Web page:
Universal Children’s Day 2020
On Friday 20th November, Juniper children celebrated Universal Children’s Day. Each phase was part of an assembly with another school that focussed on a different area of SMSC&D, discussed children’s rights and explored how these were exercised. During each assembly the schools also joined together to perform the signed version of the song ‘Believe’. Bronte from Woodpeckers recognised the significance the song had in regards to Universal Children’s Day. He perfectly summed up that the important messages behind the song were about empowering all children to believe that anything is possible for them and that regardless of their background, all children should be treated fairly and have a right to be loved and cared for in order to be able to achieve their best.
Year 1 and 2 were joined by Hamilton Academy and the children beautifully shared how some of their peers celebrated Christmas. The teachers from both schools were really proud of how attentively the children listened to each other. From the work carried out this week, it was clear to see that they had learned a lot about how some children at Hamilton celebrate Diwali and Eid. The Year 2 children have made some beautiful Mehndi patterns and Year 1 have designed some lovely Diya lamps for their new friends. The children at Hamilton Academy are busy designing some Christmas ornaments for our children and some are even creating festive decorations for us. We cannot wait to receive these.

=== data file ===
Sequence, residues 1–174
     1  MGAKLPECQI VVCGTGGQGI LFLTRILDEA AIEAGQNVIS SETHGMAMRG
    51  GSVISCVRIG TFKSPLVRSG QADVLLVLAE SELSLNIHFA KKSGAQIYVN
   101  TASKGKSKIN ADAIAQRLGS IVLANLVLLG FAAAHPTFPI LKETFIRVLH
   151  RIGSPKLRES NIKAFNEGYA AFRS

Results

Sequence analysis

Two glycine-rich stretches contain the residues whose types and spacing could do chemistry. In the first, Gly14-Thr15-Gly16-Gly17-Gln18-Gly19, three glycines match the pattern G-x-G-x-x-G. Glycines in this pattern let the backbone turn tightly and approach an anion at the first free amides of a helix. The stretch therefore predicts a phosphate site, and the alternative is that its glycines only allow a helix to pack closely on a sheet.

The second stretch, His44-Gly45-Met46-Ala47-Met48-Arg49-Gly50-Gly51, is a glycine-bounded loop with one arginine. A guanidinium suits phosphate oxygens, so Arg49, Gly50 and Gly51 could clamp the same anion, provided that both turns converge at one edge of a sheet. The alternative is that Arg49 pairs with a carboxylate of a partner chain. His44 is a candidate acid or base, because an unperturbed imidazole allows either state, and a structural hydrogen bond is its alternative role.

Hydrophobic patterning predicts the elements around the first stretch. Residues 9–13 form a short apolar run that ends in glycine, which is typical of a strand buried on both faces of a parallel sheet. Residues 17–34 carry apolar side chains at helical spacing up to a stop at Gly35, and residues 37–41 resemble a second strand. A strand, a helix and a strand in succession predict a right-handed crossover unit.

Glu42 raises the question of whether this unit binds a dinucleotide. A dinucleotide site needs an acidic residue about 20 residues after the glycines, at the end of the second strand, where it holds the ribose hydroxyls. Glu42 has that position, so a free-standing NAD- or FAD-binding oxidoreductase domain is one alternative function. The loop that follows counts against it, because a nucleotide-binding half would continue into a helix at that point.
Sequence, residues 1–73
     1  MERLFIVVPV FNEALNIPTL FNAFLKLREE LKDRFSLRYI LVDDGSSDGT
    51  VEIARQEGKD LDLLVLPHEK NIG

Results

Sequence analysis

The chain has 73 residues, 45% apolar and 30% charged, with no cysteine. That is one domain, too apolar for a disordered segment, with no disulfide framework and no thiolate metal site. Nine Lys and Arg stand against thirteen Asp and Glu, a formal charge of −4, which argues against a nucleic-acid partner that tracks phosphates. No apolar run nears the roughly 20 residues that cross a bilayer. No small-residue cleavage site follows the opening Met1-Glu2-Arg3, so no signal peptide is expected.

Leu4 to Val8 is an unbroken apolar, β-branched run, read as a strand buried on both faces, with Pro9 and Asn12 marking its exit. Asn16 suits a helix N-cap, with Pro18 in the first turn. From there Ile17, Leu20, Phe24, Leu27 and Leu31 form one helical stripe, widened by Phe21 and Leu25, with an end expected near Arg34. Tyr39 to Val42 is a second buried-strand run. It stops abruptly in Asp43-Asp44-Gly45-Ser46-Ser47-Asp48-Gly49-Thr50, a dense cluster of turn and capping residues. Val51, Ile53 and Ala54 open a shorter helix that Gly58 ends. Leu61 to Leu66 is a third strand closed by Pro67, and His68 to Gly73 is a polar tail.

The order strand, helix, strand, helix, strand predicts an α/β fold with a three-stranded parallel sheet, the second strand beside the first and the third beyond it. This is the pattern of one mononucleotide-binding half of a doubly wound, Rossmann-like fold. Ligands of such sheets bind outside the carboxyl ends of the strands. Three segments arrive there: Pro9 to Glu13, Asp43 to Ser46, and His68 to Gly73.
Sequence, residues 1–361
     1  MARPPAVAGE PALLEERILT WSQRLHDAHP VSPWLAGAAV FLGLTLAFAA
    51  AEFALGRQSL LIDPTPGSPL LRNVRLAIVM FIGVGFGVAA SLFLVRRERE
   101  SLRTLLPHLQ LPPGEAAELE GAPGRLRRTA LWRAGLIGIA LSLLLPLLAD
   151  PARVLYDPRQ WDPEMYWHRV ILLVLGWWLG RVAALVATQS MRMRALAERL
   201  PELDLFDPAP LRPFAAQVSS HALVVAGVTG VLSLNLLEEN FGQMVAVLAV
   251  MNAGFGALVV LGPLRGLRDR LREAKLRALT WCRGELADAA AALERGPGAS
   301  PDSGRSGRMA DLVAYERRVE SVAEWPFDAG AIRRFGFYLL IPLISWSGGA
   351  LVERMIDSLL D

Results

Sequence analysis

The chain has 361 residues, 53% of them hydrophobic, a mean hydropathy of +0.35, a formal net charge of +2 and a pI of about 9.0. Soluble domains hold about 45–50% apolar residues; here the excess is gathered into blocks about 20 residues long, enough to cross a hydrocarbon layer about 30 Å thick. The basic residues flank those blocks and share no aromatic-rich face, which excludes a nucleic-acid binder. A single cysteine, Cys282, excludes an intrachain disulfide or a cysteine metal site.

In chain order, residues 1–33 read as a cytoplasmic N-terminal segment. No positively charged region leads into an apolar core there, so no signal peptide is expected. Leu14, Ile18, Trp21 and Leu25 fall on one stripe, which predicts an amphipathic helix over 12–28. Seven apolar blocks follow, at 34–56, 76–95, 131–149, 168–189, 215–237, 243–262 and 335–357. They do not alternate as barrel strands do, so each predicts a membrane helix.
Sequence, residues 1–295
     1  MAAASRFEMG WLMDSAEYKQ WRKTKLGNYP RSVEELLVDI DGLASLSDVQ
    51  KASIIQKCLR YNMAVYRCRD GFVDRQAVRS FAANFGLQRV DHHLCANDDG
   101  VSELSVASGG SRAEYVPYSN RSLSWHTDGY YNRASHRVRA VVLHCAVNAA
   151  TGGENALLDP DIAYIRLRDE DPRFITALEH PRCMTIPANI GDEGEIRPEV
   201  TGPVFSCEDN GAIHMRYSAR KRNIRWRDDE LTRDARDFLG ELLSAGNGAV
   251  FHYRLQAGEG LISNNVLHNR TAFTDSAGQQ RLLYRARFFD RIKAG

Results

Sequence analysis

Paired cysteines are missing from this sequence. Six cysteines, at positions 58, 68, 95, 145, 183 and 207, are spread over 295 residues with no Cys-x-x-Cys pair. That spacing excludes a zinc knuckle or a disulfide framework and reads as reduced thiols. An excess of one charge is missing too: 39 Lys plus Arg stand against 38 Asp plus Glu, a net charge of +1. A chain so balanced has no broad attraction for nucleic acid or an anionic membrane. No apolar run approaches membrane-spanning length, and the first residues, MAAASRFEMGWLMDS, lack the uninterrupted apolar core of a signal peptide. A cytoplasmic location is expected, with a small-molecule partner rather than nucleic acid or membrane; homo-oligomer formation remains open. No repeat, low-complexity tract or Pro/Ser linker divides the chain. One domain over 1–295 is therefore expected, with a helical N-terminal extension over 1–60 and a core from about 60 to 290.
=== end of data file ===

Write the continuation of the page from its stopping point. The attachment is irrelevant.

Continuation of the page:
The Year 3 and 4 children discussed the importance of coming to school after exploring their right to Education. Leo, Isla, Cora and Megan expressed their thoughts on what rights are, why we have rights and why coming to school is important to them. They bravely stepped up to share with the children at St. John Fisher from Tameside in Greater Manchester. The Year 3 and 4 classes at St. John Fisher loved hearing what our Juniper children had to say and our children enjoyed hearing their thoughts too. These classes across both schools have been working on posters to send to each other in the hope that we can learn more about the similarities and differences between our schools. The children already have so many questions they wish to ask each other and are keen to meet again soon. Before ending this assembly, Amelia bravely came to the front to share why she enjoyed signing the song so much and said that, ‘When we switch the sound off, it is the same as what I hear when I remove my hearing aid,’. She showed a lot of maturity and independence and we really valued her contribution.